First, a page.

“The protesters hijacked legitimate outrage over the death of George Floyd to justify an ugly display of hostility towards Israel and Jewish organizations on the streets of Boston,” said Dexter Van Zile, an analyst at the Committee for Accuracy in Middle East Reporting and Analysis, or CAMERA, which is based in Boston. “This wasn’t about changing American police policies, but about coarsening and brutalizing the discourse around Israel and Jews through the exploitation of black suffering.”
CAMERA staff filmed the rally. A speaker for BDS Boston is on video leading the large crowd in the Hamas chant “From the river to the sea, Palestine will be free,” which is a call for the replacement of Israel with a majority-Arab Muslim country.
At other times, the crowd can be heard loudly chanting “Intifada, Intifada,” the name of violent Palestinian uprisings. Hamas is a U.S.-designated terrorist group.
“Kaffiyeh-wearing college students and mostly middle-class white activists with Palestinian flags were shouting for the violent elimination of the world’s only Jewish state,” said Van Zile. “Think about that: They’re chanting eliminationist rhetoric outside the offices of mainstream American Jewish organizations—a fact that shows that this wasn’t simply about Israel, but about Jews as Jews.”…
http://drrich.wpengine.com/wp-content/uploads/logo_264x69.png00Robert Spencerhttp://drrich.wpengine.com/wp-content/uploads/logo_264x69.pngRobert Spencer2020-07-06 08:10:002020-07-06 08:12:32Boston: “Day of Rage” Protesters Call for Violent Destruction of Israel
The story of her astonishing claim is at the Jerusalem Post here:
Speaker of the House Nancy Pelosi said on Thursday that she is “concerned” about a possible Israeli move to annex parts of the West Bank.
“Unilateral annexation puts the future at risk and undermines US national security interests,” she said in a webinar hosted by the Jewish Democratic Council of America (JDCA). “It undermines our national security interests and decades of bipartisan policy. We always want it to be bipartisan,” she continued.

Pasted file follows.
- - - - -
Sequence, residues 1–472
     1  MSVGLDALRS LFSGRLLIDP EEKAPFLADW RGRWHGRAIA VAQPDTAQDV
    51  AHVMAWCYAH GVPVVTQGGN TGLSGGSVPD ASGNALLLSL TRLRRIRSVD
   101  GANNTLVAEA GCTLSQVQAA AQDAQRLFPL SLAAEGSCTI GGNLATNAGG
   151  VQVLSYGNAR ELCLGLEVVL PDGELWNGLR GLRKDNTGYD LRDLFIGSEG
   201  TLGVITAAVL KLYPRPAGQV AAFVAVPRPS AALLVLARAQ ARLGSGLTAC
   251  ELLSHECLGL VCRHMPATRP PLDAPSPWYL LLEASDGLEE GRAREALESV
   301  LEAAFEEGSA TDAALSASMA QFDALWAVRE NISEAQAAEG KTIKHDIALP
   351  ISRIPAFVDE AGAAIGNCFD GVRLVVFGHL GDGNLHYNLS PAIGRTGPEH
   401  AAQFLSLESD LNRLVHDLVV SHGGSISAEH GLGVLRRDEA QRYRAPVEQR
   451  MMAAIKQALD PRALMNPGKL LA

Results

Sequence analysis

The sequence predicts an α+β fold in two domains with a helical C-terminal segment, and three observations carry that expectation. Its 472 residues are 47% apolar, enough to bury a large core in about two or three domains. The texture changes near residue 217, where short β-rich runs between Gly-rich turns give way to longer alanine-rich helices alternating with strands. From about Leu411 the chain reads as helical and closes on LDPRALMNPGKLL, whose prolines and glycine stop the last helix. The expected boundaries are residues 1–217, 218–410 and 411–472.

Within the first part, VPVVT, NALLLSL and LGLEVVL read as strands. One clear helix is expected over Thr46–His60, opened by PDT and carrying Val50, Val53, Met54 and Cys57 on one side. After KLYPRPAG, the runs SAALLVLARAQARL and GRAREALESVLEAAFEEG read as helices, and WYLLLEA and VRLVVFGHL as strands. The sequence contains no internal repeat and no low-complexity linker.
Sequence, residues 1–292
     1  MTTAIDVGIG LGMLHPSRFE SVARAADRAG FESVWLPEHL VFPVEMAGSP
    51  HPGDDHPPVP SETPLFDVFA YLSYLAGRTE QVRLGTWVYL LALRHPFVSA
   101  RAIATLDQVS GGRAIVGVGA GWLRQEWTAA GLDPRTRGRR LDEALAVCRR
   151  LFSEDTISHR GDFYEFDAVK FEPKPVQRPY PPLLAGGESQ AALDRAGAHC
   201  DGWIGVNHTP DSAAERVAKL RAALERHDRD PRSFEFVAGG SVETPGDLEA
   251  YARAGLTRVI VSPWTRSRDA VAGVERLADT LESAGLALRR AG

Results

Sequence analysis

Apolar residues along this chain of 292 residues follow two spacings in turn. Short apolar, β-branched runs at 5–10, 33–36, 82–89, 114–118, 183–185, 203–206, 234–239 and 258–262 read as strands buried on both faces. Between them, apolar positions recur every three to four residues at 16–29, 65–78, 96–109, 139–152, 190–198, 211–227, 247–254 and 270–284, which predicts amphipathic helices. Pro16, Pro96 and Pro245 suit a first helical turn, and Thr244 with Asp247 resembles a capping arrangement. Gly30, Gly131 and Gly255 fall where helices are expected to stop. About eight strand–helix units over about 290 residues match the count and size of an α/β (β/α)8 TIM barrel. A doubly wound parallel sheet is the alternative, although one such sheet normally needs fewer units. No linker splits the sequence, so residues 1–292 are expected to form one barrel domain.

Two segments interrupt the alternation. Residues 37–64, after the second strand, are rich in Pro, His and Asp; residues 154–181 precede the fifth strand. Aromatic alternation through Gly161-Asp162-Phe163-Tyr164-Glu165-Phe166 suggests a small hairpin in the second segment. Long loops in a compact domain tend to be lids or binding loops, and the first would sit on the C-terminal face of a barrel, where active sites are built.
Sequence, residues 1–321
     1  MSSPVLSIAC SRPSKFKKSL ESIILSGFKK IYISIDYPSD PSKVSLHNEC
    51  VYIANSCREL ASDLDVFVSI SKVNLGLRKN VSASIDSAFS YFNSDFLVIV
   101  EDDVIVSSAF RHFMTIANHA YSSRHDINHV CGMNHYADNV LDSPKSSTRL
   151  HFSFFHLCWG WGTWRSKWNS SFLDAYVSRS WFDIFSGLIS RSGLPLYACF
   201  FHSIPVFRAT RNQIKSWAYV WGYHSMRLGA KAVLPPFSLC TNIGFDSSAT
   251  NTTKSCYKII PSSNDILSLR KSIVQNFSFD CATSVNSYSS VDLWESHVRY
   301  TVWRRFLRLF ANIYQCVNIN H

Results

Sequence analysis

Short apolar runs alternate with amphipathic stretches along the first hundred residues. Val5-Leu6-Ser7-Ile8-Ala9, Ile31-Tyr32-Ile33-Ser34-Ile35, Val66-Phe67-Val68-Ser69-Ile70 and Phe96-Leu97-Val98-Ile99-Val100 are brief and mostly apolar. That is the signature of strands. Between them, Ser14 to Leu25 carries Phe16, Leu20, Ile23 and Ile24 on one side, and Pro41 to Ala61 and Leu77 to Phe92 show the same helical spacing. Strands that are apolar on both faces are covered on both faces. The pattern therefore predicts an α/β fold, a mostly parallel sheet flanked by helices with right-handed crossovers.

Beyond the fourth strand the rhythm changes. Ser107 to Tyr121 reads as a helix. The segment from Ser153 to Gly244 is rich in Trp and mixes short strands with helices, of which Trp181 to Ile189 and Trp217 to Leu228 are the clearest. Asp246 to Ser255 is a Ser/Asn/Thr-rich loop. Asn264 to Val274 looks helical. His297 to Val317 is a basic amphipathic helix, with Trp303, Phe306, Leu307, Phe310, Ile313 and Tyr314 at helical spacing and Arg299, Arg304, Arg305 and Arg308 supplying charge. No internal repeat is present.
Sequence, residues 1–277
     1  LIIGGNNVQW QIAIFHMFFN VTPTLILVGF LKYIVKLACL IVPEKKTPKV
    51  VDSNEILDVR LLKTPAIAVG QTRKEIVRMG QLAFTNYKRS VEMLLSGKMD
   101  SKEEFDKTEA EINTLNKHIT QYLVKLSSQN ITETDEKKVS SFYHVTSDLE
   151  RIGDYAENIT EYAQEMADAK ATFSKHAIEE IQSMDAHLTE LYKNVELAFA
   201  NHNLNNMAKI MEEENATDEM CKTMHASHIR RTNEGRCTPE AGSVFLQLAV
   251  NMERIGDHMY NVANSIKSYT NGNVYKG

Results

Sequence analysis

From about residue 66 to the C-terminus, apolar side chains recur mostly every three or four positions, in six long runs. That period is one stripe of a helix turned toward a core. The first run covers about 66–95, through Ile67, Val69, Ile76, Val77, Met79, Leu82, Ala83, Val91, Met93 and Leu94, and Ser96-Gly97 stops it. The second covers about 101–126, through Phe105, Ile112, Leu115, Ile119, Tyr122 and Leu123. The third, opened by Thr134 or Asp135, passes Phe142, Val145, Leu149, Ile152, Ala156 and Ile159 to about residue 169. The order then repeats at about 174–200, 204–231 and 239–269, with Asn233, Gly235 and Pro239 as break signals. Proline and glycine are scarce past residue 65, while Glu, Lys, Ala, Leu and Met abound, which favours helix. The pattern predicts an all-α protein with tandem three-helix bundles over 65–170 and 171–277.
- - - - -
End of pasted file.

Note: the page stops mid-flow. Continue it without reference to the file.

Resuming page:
The extension of Israel’s sovereignty to the “West Bank” – the name Jordan gave in 1950 to those parts of Judea and Samaria it had managed to hold onto during the 1948-49 war – is based on the Palestine Mandate itself. That Mandate assigned to the future Jewish state all of the land from Mt. Hermon in the north, to the Red Sea in the south, and from the Jordan River in the west, to the Mediterranean in the east. At the end of Arab-Israeli hostilities in 1949, the Jordanian army remained in possession of part of Judea and Samaria; Jordan renamed that territory the “West Bank” in order to efface the Jewish connection to the land, much as the Romans nearly 2000 years before had replaced the name “Judea” with “Palestine.” When Israel took possession of the “West Bank” after the Six-Day War, this did not create its legal, historic, and moral claim to land where Jews had lived for 3,500 years, but allowed the Jewish state to finally enforce its preexisting claim.
A second, and independent source for the Jewish claim to extend its sovereignty to a considerable part of the “West Bank” is U.N. Resolution 242.
The chief drafter of Resolution 242 was Lord Caradon (Hugh M. Foot), the permanent representative of the United Kingdom to the United Nations from 1964-1970. At the time of the Resolution’s discussion and subsequent unanimous passage, and on many occasions since, Lord Caradon always insisted that the phrase “from the territories” quite deliberately did not mean “all the territories,” but merely some of the territories:
Much play has been made of the fact that we didn’t say “the” territories or “all the” territories. But that was deliberate. I myself knew very well the 1967 boundaries and if we had put in the “the” or “all the” that could only have meant that we wished to see the 1967 boundaries perpetuated in the form of a permanent frontier. This I was certainly not prepared to recommend.
On another occasion, to an interviewer from the Journal of Palestine Studies (Spring-Summer 1976), he again insisted on the deliberateness of the wording. He was asked:
The basis for any settlement will be United Nations Security Council Resolution 242, of which you were the architect. Would you say there is a contradiction between the part of the resolution that stresses the inadmissibility of the acquisition of territory by war and that which calls for Israeli withdrawal from “occupied territories,” but not from “the occupied territories”?
Nota bene: “from territories occupied” is not the same thing as “from occupied territories” – the first is neutral, the second a loaded description. Lord Caradon answered:
“I defend the resolution as it stands. What it states, as you know, is first the general principle of inadmissibility of the acquisition of territory by war. That means that you can’t justify holding onto territory merely because you conquered it. We could have said: well, you go back to the 1967 line. But I know the 1967 line, and it’s a rotten line. You couldn’t have a worse line for a permanent international boundary. It’s where the troops happened to be on a certain night in 1948. It’s got no relation to the needs of the situation.
“Had we said that you must go back to the 1967 line, which would have resulted if we had specified a retreat from all the occupied territories, we would have been wrong.”